Full Investigation Required Into Fly Montserrat: Is Nigel Harris Flying Nearly 50-year-old Aircrafts into Montserrat?


Jeevan A. Robinson - MNI Media

Release Date

Thursday, September 26, 2019


The recent incident at the John A. Osborne Airport on Montserrat involving Fly Montserrat (FM) is another example of this airline's questionable track record around safety.

It was in April 2011 that FM had another such similar incident with an aircraft veering off the runway, and this time it was due to braking issues.

The incident MNI refers to is the one that took place on 17th April, 2011, involving FM registered aircraft Britten Norman Islander BN-2A-27, VP-MNI. Seven passengers and one crew were on board. The aircraft flown on that flight back in 2011 took its first flight in 1971, which made the aircraft 40 years old at the time this incident took place in 2011. 

Damage from the 2011 incident was reported to the nose structure, nose landing gear, left wing tip and left propeller.

(Image of Fly Montserrat incident from 2011. Image Credit to Aviation safety.net)

MNI thus asks, whether today, in 2019, Nigel Harris is flying aircrafts servicing Montserrat, that are almost 50 years old?

The information around the incident from 2011 from the investigators stated:

"Following an uneventful flight from Antigua-V.C. Bird International Airport (ANU), the aircraft made an approach to runway 10 at John A. Osborne Airport, Montserrat. After a normal touchdown the pilot applied the brakes and noticed that there was no resistance from the right brake pedal. While maintaining directional control with the rudder pedals the pilot tried to "pump" the brake pedals but this had no effect on the right brakes. To avoid departing the end of the runway the pilot applied left brake and allowed the aircraft to veer left onto the grass just beyond the taxiway exit. The aircraft struck an embankment located 20 m north of the runway edge, about 150 m from the end of the runway. The impact, which was estimated by the pilot to be at about 10 kt, resulted in damage to the nose structure and caused the nose landing gear leg to collapse. The left wing tip leading edge was also damaged when it struck the embankment"

What is further revealing is that the probable cause for the incident in 2011 was described as follows:

"The probable cause for the loss of right braking was trapped air in the right brake hydraulic lines. This air may have been present prior to the O-ring seal removal but was more likely to have been introduced during the seal removal and replacement. The engineer had carried out a brake bleeding procedure but he had not completed the full procedure as described in the AMM. He had not opened the bleed screw at the top of the right landing gear leg, and therefore air may have remained trapped in these lines. The investigation revealed the existence of several different brake bleeding procedures. The aircraft manufacturer had three different brake bleeding procedures, namely the Islander AMM procedure, the Trislander AMM procedure and their own production procedure. Three engineers from three different maintenance organisations had suggested that sometimes the manufacturer’s procedures were inadequate for completely bleeding all the air out and that a hand pump attached to the brake bleed screws was sometimes required."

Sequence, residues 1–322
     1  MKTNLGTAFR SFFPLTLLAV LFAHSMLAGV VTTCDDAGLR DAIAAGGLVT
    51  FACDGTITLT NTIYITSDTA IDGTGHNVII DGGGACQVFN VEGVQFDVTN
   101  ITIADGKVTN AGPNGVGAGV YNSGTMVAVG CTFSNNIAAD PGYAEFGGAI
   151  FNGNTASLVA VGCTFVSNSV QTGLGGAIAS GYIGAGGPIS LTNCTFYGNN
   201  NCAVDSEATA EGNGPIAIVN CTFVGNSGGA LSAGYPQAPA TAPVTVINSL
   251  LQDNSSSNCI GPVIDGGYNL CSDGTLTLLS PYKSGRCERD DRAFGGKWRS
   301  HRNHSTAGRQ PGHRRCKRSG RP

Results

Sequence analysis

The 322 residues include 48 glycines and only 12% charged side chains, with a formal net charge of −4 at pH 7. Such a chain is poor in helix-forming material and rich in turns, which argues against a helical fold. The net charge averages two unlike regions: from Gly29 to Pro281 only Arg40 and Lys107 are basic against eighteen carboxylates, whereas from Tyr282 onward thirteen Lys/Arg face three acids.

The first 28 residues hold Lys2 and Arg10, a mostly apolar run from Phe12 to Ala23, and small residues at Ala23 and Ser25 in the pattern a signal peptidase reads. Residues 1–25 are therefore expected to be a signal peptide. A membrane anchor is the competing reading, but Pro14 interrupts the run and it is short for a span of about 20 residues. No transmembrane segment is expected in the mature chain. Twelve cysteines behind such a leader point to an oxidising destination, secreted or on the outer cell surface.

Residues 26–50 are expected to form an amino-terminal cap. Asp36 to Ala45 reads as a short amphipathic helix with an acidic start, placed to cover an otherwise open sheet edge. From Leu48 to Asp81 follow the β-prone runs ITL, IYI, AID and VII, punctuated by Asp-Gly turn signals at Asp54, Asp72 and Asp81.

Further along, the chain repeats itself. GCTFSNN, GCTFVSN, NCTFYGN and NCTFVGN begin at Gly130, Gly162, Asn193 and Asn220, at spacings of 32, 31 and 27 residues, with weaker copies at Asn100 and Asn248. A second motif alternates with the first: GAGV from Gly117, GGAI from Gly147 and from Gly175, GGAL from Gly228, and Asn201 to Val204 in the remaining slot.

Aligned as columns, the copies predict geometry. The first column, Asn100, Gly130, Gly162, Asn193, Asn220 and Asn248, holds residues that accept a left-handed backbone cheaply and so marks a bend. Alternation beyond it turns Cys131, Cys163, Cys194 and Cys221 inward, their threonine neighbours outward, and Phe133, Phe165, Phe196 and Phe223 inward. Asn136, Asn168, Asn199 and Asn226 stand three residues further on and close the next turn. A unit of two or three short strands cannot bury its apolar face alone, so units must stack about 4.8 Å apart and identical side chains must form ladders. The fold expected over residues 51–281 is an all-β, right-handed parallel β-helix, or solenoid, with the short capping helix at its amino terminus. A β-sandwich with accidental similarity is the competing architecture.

MNI further came across a social media posting where a lady who was on this very same Fly Montserrat flight (she has informed MNI the year displayed in her post is a typo and she in fact was on the 2011 flight) where this incident occurred stated: 

She went on to state:

With regard to the recent incident that took place on Monday September 24th, 2019, MNI openly questions why was the aircraft removed that same night from the accident scene, with the weather being so bad that evening from all reports?

Why was there such a rush to remove the aircraft? Why was the aircraft not left at the scene of the incident so that the investigators who were due to come in could have seen the exact spot where the aircraft finally came to rest, after the skill of the pilot saved any further mishap.

Could this be tantamount to the accident scene being tampered with prior to the investigation, MNI asks? 

It is almost assured that any well trained air accident investigator would have gathered even more information if they had seen the plane in the exact position where it ended up.

Nigel Harris is being protected it would appear. The Governors who have served Montserrat; probably also too from DFID Officials (MNI has the details of how Nigel allegedly tried to ruin any chance of Montserrat having the ferry service returned); and possibly too Nigel has connections in ASSI that assist him in screwing over the air safety image of Montserrat.

The people of Montserrat both at home and abroad who use this airline should demand a full investigation into Fly Montserrat and Nigel Harris over the years.

MNI has long ago concluded that Harris, his minders and apologists are no true friends of Montserrat.

Note: Jeevan A. Robinson is Editor-in-Chief of Marketing, News & Information Media - MNI Media. He can be reached at jeevan@mnialive.com  

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